Again, I believe that this issue of child soldiers and other atrocities is important. If you know anything about me, you know that I am constantly sharing about the situation in Sudan, because I have been there and I know people there and I care about them, so I want to share what I care about. But I know that I personally can not get Omar al-Bashir (also indicted by the ICC along with Kony) arrested no matter how much I personally spread the word. Because it's not up to me, it's not up to Obama, and believe it or not, it's not up to the USA. We may be the world's "great power", but that does not mean we can save it, or that it's our role to. In fact, it's important to recognize that when we think that way about the world, about Africa, we are undermining the African people in so many ways. Laura Seay noted today, "My basic premise [re: Kony 2012] is that the awareness of American college students is NOT a necessary condition for conflict resolution in Africa." We simply must not disrespect Africa and Africans' ability to intelligently and critically solve problems by assuming it's up to us to fix or save them.

Now....as people, and as for many of us as Christians, it is our role to care about people and it is our role to seek justice. We can all agree there. But when campaigns like this hype us up and tell us that we can save Africa, it is distorting true justice into a cheap marketing campaign, somehow allowing us to believe that we are being Good and doing the Right Thing and Making a Difference by donating ten dollars and hanging a poster or wearing a bracelet. But those things do not get warlords who are hiding in the African bush arrested. (Additionally, there are about a million implications to the International Criminal Court and all the international law wrapped up in it (including the fact that the U.S. is not signed on to the Rome Statute that instituted the court) that must be considered in this! But that's another blog post).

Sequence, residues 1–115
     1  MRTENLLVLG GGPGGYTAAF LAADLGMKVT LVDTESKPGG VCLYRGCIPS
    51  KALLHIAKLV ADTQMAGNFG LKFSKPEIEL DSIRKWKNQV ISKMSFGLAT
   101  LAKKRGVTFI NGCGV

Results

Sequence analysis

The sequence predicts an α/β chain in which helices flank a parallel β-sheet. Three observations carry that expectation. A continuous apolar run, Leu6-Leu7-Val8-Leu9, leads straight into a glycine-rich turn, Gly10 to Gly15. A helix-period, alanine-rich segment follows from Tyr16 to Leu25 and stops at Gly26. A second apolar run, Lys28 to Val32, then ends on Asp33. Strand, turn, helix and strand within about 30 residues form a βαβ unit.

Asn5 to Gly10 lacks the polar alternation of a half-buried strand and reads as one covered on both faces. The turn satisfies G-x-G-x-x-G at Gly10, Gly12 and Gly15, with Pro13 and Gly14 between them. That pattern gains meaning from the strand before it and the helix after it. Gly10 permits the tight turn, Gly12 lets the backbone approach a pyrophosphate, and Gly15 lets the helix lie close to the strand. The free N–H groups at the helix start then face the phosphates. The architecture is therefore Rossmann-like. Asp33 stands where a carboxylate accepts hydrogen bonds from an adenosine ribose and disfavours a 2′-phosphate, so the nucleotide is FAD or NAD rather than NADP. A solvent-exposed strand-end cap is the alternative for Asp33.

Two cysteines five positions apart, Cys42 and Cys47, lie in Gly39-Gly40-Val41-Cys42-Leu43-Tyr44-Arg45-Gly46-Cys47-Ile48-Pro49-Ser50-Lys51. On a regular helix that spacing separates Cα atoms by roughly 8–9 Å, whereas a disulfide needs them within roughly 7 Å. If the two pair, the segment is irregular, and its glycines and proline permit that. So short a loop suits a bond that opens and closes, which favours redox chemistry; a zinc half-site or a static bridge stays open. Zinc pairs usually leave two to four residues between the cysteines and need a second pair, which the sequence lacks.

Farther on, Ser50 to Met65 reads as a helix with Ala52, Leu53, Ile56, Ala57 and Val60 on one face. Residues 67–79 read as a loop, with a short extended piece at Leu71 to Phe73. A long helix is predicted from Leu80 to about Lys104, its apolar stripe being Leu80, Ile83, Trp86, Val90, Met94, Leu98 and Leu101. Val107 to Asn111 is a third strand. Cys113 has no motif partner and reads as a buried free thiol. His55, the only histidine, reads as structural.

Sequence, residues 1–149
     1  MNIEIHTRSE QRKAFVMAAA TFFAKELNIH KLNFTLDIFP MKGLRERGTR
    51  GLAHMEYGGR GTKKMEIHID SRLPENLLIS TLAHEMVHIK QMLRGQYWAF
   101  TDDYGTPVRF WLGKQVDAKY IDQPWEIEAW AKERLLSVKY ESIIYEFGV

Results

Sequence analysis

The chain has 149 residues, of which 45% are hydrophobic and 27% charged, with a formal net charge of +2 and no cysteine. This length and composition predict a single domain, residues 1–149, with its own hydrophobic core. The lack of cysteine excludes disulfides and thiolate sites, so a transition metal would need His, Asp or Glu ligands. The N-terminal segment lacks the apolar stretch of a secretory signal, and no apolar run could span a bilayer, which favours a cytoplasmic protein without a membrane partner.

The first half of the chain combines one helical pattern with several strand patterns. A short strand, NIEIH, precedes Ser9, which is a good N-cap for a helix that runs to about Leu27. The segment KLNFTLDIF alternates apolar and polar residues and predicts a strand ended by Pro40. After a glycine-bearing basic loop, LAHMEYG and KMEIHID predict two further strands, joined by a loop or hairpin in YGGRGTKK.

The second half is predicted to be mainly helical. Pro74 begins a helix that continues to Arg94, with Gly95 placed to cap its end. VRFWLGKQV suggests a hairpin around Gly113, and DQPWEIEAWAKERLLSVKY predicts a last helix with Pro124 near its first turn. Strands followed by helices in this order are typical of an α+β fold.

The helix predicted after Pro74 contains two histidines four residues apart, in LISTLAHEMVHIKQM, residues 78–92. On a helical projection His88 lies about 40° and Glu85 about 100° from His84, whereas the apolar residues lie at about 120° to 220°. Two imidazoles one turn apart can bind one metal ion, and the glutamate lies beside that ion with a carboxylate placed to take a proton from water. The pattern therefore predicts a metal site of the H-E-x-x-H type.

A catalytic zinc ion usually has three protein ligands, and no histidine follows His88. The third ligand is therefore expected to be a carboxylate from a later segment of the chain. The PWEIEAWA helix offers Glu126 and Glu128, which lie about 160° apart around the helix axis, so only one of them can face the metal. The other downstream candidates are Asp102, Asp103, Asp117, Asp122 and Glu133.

Some development professionals believe this campaign could actually be damaging to the situation in Central & East Africa. Personally, I would be surprised if it held enough weight over time to help or hinder. Even if Kony does end up arrested, or more likely dead, within the year it will likely have little to do with the U.S.'s role in the matter.

But even if I eat my own words come end of 2012 and good ol' Invisible does take credit for a potential future arrest, my opinion still stands: If you really want to help people in impoverished parts of the world, people experiencing undue violence or famine, then give your time and your money to organizations that have historically been aiding the developing world successfully and sustainably--don't just give in to a flashy marketing campaign. There are innumerable organizations that are doing good aid--because there is most certainly many versions of bad aid out there. If you truly long for justice in the world, then it's important to really think of the implications of what you're signing on to or giving your money to.